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Tuesday, March 24, 2009

Why Public Domain?

   “There are One Hundred New Poets in the villages of the land,” according to Vachel Lindsay's “A Handy Guide for Beggars.” And, last I checked, there are two hundred and ninety-six serialized books on PODIOBOOKS DOT COM. The majority were recorded and posted by their authors. Maybe ten are serialized versions of Public Domain works.

Two of the latter were recorded and submitted by me, Grizzly Smith. My third Podiobook will be “going live,” as Evo puts it, at the end of March 2009. There are other sites online offering good recorded readings of Public Domain works. The nice folks at PodioRacket asked me to explain, briefly, why I go through all that work to produce recordings of Public Domain works as Podiobooks.

About the time I first started listening to podcasts, I discovered the audio books on PODIOBOOKS DOT COM. After having listened to regular audiobooks for years, I recognized something special there. Listening to books on tape, and books on CD, I kept thinking to myself, “I can do better than that!” And on PODIOBOOKS DOT COM, I found people who were Doing Better Than That, much much better, and on a regular and continuing basis. I reviewed several of my favorite Podiobooks on my “Grizzly's Growls” podcast. Frankly, I can't bear to listen to most Books on Tape anymore.

To be honest, the reason I started my own “Stories from the Hiber-Nation” podcast is that I ran out of stuff to talk about for my regular show. Reading books gave me a way to continue podcasting without having to write a lot of new content myself. I'm not a writer. I haven't written anything substantial in decades, so I didn't think I'd fit in with the authors at PODIOBOOKS. So I started a new podcast just for me reading stories – because I like to read stories. And I read Public Domain books, because that was what I had available.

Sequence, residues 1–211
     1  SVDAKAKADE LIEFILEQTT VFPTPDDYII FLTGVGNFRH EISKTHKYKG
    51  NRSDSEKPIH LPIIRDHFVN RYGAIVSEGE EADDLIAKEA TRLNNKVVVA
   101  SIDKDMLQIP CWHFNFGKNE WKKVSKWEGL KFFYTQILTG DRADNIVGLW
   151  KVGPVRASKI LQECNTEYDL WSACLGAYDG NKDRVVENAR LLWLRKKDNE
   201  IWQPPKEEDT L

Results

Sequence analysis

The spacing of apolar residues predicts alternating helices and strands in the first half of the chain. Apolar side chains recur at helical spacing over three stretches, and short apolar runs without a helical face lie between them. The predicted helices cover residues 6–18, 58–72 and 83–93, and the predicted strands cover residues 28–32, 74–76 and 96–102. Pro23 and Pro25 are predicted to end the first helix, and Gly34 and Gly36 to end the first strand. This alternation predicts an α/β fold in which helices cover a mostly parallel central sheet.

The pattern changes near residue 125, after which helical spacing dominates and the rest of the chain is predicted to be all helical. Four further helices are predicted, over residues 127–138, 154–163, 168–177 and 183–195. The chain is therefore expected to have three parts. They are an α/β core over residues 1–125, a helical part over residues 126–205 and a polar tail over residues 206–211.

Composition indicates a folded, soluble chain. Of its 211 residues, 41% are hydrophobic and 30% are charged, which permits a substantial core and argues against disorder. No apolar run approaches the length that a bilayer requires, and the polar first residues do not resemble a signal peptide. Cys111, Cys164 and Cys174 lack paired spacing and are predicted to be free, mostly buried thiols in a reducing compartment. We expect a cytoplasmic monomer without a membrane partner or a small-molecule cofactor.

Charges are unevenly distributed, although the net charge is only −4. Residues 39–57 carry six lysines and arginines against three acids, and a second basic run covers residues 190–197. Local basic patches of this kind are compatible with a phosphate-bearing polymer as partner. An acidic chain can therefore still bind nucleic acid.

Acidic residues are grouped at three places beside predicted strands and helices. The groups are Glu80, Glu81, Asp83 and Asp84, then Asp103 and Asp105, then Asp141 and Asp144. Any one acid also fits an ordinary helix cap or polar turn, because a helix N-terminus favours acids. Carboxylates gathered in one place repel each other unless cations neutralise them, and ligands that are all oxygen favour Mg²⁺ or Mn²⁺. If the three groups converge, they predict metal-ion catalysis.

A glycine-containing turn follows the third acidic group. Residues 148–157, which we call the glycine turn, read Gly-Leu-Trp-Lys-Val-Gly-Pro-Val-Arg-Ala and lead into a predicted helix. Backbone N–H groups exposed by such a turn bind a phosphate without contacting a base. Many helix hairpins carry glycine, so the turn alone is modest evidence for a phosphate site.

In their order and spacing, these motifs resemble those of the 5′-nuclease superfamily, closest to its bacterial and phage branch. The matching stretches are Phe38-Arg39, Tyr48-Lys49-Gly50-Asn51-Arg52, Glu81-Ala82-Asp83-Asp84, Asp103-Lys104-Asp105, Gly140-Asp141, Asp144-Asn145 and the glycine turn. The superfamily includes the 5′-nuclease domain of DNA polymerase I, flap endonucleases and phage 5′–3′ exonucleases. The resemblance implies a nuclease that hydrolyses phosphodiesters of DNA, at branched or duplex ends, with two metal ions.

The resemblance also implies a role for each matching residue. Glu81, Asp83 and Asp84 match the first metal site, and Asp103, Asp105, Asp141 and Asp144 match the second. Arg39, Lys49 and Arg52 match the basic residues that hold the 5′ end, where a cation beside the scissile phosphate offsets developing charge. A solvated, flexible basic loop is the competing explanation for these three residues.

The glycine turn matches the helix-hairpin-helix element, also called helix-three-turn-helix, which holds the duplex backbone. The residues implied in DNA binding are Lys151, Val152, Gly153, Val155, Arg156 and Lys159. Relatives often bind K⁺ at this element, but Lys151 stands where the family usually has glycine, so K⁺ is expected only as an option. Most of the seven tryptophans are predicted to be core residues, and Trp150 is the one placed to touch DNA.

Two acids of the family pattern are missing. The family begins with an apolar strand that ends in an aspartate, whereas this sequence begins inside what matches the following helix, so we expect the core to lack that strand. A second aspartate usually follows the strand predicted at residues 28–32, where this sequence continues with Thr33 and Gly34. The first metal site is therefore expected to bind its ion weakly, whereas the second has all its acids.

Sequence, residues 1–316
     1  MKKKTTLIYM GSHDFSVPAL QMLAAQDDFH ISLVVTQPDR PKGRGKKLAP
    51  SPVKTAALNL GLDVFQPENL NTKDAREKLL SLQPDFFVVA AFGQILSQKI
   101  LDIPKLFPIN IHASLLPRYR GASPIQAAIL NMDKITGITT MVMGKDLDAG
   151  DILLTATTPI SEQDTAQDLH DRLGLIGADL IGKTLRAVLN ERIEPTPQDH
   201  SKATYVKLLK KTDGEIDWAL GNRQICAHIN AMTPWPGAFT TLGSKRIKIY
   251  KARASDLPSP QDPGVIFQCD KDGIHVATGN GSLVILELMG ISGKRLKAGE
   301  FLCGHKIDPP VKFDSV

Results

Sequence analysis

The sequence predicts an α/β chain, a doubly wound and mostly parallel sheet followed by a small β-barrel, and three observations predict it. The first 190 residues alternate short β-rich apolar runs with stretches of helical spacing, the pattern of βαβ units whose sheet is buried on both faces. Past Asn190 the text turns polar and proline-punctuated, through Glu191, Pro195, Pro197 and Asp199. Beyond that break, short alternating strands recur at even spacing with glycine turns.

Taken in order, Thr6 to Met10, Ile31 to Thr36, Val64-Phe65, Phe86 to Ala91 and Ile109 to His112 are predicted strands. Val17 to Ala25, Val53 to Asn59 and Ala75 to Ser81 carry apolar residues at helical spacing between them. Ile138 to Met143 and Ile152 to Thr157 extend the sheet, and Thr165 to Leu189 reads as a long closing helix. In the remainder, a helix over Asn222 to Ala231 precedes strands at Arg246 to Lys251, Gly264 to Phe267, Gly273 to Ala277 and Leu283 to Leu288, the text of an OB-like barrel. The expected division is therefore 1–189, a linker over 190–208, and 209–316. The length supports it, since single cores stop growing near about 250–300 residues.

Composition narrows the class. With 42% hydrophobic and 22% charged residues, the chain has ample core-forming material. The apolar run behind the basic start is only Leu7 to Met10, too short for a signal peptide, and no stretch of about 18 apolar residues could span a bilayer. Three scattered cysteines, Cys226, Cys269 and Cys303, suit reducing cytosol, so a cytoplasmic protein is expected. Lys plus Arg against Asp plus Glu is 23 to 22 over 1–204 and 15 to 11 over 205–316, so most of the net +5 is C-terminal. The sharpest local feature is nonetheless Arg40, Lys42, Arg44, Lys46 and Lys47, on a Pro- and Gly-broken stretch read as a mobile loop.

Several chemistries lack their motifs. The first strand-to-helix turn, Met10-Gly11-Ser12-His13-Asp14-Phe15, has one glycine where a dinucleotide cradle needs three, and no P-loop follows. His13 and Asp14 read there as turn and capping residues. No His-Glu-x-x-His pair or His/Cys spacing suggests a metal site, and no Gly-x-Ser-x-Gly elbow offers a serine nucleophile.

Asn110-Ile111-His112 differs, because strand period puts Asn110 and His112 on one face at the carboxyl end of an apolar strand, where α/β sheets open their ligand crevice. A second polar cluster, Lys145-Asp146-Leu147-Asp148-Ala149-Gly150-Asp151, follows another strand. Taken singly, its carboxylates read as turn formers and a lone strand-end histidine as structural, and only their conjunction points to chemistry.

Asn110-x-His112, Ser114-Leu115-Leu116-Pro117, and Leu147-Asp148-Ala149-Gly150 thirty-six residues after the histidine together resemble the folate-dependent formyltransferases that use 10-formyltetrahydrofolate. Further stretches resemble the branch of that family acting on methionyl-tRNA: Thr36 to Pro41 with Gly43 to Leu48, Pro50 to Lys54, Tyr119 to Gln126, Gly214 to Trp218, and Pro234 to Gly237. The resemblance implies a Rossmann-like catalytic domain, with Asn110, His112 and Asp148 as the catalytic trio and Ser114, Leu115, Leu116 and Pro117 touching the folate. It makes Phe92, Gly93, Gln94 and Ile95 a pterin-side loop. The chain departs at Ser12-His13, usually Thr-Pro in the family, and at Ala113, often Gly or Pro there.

I found out I liked doing it. So I recorded more. People told me I read well. So I recorded more. Then I got involved in NaPodPoMo, and needed to produce 30 podcasts in 30 days. So I recorded more.

Somewhere in the midst of recording the four books I've read so far on “Hiber-Nation,” I stumbled across a book on Podiobooks from an author I knew hadn't put it there himself. I'm pretty sure he's dead. Turned out, the book was in the Public Domain.

Wait, Public Domain books recorded for Podiobooks? You can do that? Imagine my chagrin. And I listened, and thought to myself, “I can do better than that!”

I admit I cheated a little bit. I took two of the books I'd already recorded for the show, renamed the files, pulled them into Audacity again, cleaned up the editing a bit, modified or replaced the intros and outros, changed the ID3 tags to suit Evo's exacting standards, created and added cover art, and re-encoded them at 128 K Joint Stereo as required by the standards. There's a utility available to handle most of the complexities of the tagging for me, and I switched to the latest Beta of Audacity to be able to export in Joint Stereo directly. I had to learn how to create my own cover art, and frankly that turned out merely okay.

But I was cheating, because I didn't have the raw recordings to work from, so I had to work from the archived MP3s from my show. Lost some audio quality there, sad to say. At least the readings were as good as I could make them in the first place.